Los Rios chancellor set to retire


Los Rios Community College District Chancellor Brice Harris

Mark Lewis and Mark Lewis

After 16 years of service as the chancellor of the Los Rios Community College District, Brice Harris announced his retirement on Jan. 12. The 63-year-old Harris earns an annual salary of $390,000, making him the highest paid chancellor in the state until he officially ends his tenure on Aug. 31 of this year.

Harris steps down as the longest-serving chancellor in the district’s history. “I know and appreciate exactly what you have accomplished these many years, and I will forever be grateful to all of you for giving me the opportunity to be part of this truly wonderful organization,” Harris wrote in a letter addressed to his colleagues.

American River College president Dr. David Viar considered Harris much more than a colleague. Viar first began developing a working relationship with Harris years ago in Fresno during Harris’ pre-LRCCD role working with the California Community College League. Viar reacted to hearing of the resignation saying that, “Chancellor Harris will be missed, but he has set a solid foundation for ARC as we continue on.”

Asked to pinpoint a specific action taken by the chancellor that had the biggest effect on ARC, Viar praised Harris’ success in lobbying to get two local bond measures passed. The bonds would provide ARC with funding for campus renovations and a new off-site expansion.

Chancellor Harris will step down merely weeks before the red ribbon cutting ceremony is to be held revealing the campus’ brand new Student Center and expansive new parking structure. Off-campus, students now have the luxury of taking classes at ARC’s bond-funded Natomas Education Center.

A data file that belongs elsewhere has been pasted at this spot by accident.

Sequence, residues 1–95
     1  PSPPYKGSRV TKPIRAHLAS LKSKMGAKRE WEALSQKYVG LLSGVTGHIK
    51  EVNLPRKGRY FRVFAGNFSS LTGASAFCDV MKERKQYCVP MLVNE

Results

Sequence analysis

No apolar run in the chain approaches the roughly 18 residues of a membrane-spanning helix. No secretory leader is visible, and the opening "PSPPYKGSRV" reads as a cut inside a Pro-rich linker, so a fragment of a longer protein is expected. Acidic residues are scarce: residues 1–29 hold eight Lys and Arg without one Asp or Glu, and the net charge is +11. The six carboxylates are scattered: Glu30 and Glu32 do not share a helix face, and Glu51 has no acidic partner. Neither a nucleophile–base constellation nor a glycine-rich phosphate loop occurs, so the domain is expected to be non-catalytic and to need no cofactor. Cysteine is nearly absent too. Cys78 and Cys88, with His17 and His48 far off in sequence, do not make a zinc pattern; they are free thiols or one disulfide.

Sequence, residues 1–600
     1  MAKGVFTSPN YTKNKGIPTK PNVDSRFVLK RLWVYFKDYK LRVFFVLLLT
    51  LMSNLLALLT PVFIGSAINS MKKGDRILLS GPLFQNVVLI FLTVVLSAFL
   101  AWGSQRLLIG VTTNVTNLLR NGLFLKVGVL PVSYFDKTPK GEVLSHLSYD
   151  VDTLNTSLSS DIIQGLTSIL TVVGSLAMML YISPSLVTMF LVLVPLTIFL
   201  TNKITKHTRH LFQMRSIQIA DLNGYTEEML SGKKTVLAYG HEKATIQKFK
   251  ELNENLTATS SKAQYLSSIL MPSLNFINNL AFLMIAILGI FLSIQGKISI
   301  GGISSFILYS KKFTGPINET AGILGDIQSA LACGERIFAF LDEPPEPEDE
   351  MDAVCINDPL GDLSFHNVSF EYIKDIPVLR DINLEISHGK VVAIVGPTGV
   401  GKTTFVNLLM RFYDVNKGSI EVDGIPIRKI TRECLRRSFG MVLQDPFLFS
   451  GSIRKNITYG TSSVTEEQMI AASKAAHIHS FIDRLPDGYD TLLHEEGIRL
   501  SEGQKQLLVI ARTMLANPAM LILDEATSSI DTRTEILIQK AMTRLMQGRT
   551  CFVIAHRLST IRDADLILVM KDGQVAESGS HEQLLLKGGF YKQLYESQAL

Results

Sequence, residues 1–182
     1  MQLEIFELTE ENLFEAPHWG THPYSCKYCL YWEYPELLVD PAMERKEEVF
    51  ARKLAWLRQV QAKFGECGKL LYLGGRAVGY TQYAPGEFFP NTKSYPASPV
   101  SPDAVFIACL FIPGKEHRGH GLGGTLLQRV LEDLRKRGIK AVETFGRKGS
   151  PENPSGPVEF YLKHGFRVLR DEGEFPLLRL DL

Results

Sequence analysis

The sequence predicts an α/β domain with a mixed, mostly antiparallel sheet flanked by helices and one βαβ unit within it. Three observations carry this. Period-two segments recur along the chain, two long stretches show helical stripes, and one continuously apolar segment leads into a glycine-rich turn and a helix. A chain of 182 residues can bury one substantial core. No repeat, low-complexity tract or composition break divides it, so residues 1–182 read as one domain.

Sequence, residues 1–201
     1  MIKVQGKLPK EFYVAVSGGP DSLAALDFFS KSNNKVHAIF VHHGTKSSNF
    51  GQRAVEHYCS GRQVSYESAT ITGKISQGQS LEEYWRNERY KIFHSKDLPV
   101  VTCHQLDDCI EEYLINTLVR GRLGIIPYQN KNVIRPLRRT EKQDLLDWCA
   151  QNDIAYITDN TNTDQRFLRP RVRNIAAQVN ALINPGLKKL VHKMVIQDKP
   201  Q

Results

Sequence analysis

Chancellor Harris was asked about the secrets behind his success as the CEO of one of the nation’s largest community college districts. “If there is one thing I think is important, it is a passion — by not only the chancellors and presidents but faculty as well — to care for students and help them achieve their educational goals,” replied Harris.

Harris had planned on retiring last year but was asked by the Los Rios Board of Trustees to stay for one more year to help establish and solidify the 2012-13 budget in a year during which Harris had seen the budget situation go from bad to worse. “I didn’t get in this business to turn students away. It’s been a very, very difficult past two or three years,” said Harris in responding to a district-wide decline in enrollment of 5,000 students from the spring of 2010 to now.

Though Harris will not have any direct involvement in the selection process of his successor, he did note that the board would begin a nationwide search for his replacement that will include the voices of students, faculty and the community when they convene in mid-February. The ultimate decision will rest with the board, which Viar expects to “seek out his advice and council.”

“I have so much confidence in this board of trustees that they will find a great leader with new energy for this organization,” said Harris.

A timeline for selecting the next chancellor has yet to be established. Nevertheless, The Current asked Viar whether he would accept the chancellorship if the board were to deem him the person best suited to succeed Harris. “I have not made that decision,” answered Viar after a brief moment of contemplation.